It was easy to assign Quebrado the largest piece and put that shape near the center. Next, I felt most connected to Caucubú, and arranged her shape directly across from Quebrado’s and about equi-distant from Naridó’s. What to do with those awful antagonists? I gave them the smallest circles (though your eye is drawn to a small shape if it’s in a group of larger shapes, right?). And then I found I couldn’t live with them as benign, rounded shapes. I cut a sharp protruding point into each one to symbolize their viciousness. It just made me feel better.

(For a terrific exploration of the psychological power of shape in visual art, see Molly Bang’s Picture This – How Pictures Work, first published in 1991 and now available from Chronicle Books.)

How will any of this help you with your current writing project? You could depart a bit from a strict attempt at Notan (creating visual balance between positive and negative shapes) and try something similar to this example, assigning a shape to each of your main characters. What shapes would you give them? How close or how far away would they be from other characters? What kind of energy would their spatial relationships suggest? (I’m not talking about doing representational, paper-doll cut-outs – but just focusing on the essence of each character.)

I have a completed draft of a middle grade historical novel, but it needs overhauling. I’ve been seriously thinking of trying it as a verse novel. The first thing I would have noticed if I had done this exercise early in the process is that I have WAY too many characters in it! Not that you need just five, of course, but in my project there would have been far too many shapes to cut out, diluting the impact of a cozier number - and causing potential confusion to boot.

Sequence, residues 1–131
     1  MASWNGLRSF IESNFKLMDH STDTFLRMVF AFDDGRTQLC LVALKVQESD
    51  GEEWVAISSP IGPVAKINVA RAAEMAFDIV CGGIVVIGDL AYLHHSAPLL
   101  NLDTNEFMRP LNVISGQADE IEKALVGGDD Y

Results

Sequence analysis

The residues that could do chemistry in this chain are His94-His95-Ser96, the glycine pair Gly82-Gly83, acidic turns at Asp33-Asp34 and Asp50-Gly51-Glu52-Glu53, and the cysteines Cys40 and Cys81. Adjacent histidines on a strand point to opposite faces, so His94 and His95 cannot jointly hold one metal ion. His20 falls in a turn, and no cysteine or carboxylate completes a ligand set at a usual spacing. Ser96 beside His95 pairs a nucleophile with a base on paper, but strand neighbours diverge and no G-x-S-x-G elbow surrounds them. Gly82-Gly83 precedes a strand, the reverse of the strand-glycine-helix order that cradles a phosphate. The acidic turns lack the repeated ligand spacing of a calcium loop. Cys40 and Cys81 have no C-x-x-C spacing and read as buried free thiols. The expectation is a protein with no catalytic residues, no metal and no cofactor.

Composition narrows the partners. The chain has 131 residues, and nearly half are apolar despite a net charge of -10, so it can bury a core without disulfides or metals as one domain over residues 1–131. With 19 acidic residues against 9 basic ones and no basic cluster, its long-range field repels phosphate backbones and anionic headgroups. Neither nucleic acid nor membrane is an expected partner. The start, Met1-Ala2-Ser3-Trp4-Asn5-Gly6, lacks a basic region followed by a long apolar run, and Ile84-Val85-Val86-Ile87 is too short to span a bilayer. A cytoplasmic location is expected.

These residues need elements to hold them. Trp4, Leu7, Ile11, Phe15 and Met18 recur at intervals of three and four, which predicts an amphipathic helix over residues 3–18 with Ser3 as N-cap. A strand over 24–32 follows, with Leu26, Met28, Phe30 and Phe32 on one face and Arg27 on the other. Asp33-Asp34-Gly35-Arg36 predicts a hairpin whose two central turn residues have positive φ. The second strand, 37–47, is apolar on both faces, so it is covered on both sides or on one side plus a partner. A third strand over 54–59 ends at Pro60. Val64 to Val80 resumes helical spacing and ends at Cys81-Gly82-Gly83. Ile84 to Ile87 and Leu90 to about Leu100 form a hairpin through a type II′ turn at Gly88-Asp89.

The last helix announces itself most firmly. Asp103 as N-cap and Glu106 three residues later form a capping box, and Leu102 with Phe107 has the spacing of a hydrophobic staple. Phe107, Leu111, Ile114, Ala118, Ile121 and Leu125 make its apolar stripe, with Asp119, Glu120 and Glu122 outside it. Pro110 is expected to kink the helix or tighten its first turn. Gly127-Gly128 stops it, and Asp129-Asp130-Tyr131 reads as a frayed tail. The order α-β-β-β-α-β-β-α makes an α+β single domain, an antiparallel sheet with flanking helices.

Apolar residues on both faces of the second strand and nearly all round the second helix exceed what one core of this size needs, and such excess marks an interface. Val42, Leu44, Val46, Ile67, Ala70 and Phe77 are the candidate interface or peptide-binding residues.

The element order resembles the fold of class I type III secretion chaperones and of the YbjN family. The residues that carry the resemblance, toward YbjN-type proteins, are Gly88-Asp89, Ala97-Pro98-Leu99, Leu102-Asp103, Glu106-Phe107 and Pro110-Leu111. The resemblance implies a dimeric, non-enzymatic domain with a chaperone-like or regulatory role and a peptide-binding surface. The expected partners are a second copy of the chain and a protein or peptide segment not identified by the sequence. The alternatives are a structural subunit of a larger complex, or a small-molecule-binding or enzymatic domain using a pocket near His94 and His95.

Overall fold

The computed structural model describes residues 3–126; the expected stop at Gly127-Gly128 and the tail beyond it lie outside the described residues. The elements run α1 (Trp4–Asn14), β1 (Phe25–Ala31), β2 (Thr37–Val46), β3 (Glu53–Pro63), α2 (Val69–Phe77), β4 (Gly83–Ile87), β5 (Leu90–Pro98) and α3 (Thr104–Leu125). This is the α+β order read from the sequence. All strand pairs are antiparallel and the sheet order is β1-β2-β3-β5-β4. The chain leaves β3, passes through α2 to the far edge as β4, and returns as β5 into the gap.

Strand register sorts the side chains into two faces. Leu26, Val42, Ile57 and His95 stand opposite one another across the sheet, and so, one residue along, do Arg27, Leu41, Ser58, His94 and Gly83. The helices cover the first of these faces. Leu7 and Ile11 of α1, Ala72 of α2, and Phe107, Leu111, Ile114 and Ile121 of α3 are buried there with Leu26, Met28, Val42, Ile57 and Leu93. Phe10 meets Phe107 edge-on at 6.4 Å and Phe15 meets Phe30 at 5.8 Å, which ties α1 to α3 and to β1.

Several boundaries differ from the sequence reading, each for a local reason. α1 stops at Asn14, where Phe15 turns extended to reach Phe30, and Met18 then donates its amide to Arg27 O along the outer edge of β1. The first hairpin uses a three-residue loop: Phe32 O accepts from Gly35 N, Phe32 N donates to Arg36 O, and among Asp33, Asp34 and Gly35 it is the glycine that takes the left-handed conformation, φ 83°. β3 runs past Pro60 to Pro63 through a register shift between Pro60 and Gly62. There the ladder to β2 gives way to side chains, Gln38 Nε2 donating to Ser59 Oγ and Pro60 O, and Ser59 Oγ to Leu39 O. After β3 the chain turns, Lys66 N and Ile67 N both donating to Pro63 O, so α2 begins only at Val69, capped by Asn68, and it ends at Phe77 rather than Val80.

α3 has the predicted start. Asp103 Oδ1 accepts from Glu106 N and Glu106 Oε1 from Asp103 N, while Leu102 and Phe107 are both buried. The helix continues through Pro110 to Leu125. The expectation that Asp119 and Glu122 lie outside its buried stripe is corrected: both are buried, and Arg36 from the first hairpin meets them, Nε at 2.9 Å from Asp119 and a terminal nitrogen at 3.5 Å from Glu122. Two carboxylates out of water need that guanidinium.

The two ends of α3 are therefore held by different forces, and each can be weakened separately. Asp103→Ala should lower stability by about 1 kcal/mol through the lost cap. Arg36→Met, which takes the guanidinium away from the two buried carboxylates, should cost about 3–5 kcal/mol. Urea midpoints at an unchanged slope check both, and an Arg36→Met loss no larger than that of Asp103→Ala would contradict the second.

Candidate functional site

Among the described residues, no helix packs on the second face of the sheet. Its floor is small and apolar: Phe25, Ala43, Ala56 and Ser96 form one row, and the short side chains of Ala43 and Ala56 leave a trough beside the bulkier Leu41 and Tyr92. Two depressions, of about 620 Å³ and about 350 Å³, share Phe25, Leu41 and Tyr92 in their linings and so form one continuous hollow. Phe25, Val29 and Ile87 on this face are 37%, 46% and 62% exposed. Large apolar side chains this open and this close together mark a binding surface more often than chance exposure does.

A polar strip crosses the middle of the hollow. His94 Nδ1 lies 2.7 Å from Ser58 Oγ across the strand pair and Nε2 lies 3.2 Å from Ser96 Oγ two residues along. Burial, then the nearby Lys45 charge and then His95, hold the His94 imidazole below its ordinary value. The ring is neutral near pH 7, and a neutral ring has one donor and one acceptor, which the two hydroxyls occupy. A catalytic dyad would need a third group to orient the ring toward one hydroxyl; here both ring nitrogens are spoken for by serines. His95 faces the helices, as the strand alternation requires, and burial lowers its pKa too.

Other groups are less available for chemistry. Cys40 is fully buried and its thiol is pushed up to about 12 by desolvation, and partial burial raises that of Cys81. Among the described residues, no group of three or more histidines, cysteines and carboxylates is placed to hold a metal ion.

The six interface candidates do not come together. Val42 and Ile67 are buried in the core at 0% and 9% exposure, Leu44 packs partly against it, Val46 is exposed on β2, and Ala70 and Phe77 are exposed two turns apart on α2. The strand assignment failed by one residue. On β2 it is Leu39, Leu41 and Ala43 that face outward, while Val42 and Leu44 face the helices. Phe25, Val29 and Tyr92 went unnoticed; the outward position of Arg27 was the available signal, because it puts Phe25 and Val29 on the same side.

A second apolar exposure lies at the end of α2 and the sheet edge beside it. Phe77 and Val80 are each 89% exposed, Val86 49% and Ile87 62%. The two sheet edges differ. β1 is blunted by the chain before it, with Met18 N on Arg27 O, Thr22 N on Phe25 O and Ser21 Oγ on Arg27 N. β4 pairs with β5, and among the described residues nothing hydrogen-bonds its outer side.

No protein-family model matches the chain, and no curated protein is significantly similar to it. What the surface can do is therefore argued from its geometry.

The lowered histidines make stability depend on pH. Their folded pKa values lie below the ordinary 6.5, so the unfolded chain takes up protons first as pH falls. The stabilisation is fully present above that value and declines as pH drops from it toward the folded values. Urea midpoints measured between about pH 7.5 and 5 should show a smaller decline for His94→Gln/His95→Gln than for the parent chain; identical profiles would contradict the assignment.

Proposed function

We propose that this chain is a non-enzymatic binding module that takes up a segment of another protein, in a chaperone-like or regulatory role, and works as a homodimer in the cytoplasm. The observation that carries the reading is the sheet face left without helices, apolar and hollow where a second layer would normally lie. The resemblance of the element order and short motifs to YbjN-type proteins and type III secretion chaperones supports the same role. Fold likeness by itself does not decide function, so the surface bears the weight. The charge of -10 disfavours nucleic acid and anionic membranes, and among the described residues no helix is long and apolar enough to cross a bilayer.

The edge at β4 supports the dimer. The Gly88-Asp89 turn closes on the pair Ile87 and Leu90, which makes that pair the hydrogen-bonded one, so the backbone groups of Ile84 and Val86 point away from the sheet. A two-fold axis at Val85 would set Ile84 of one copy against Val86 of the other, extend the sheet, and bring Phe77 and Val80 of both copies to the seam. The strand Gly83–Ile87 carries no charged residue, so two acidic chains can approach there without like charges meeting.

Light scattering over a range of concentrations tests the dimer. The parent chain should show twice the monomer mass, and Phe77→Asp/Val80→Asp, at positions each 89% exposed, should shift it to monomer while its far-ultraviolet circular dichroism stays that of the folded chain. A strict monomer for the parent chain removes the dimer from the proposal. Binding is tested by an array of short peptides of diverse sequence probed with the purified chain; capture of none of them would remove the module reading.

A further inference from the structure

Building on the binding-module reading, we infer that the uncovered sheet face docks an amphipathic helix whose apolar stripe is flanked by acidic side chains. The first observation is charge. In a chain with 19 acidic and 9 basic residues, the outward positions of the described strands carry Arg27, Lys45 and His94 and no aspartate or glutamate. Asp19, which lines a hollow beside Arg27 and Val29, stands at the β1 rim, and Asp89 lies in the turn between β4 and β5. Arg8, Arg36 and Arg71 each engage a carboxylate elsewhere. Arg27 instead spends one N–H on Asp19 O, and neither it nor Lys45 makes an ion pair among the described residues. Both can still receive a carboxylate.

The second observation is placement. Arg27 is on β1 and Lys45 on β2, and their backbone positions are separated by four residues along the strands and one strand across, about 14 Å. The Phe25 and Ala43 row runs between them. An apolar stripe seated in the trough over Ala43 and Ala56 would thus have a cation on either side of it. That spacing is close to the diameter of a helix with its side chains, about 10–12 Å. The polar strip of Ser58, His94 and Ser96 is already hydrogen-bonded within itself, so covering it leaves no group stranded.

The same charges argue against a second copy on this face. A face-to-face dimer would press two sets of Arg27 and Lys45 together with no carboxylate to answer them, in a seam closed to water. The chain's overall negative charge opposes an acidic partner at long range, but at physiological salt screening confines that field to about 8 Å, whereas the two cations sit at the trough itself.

One aim of Notan is to create a dynamic design, paying attention to the flow of space between objects. Who knows – if you devote a little time to its concepts, even just noticing examples in the world around you, perhaps your writing will become more dynamic as well!

Robyn Hood Black writes poetry, fiction and nonfiction for young readers from the foothills of north Georgia. Her books include SIR MIKE (Scholastic Library, 2005), and WOLVES (Intervisual Books, 2008). Her poems appear in THE ARROW FINDS ITS MARK (Roaring Brook, 2012), THE POETRY FRIDAY ANTHOLOGY FOR MIDDLE SCHOOL (2013) and THE POETRY FRIDAY ANTHOLOGY (2012). Her haiku have been published in leading haiku journals. She’s also just launched an art business with “art for your literary side” at


  1. I think my MC would be something like the jagged spiral you see in tie-dye. His partner would be the rounded arrowhead of a shield; that's the traditional symbol for a married man, and he's very traditional. The partner's wife would be a crown: she's calm, no-nonsense, gets stuff done, and is very caring. One villain would be a sword-cane, hidden villainy (not sure how that shape would translate...) And the other villain would be a chain: brutal, thuggish symbol of oppression.

    This is an interesting exercise! The cool thing is you made me stop and think of the essence of my characters. Did you use more abstract shapes for your people?

  2. Hi, Rachel - I love how you put such thought into what shapes your characters would be. I haven't yet done this for the story-in-need-of-overhauling I mentioned, but I do plan to - and for other characters in progress. Thanks so much for sharing your insights.

  3. This is a great exercise, I want to try it! The last one makes me think of dog paw prints and I always write about dogs :)

  4. Thanks, Charmaine. I had the same realization re. that looking like a dog print - I'm so canine crazy too, I figured it was probably subconsciously inevitable. ;0)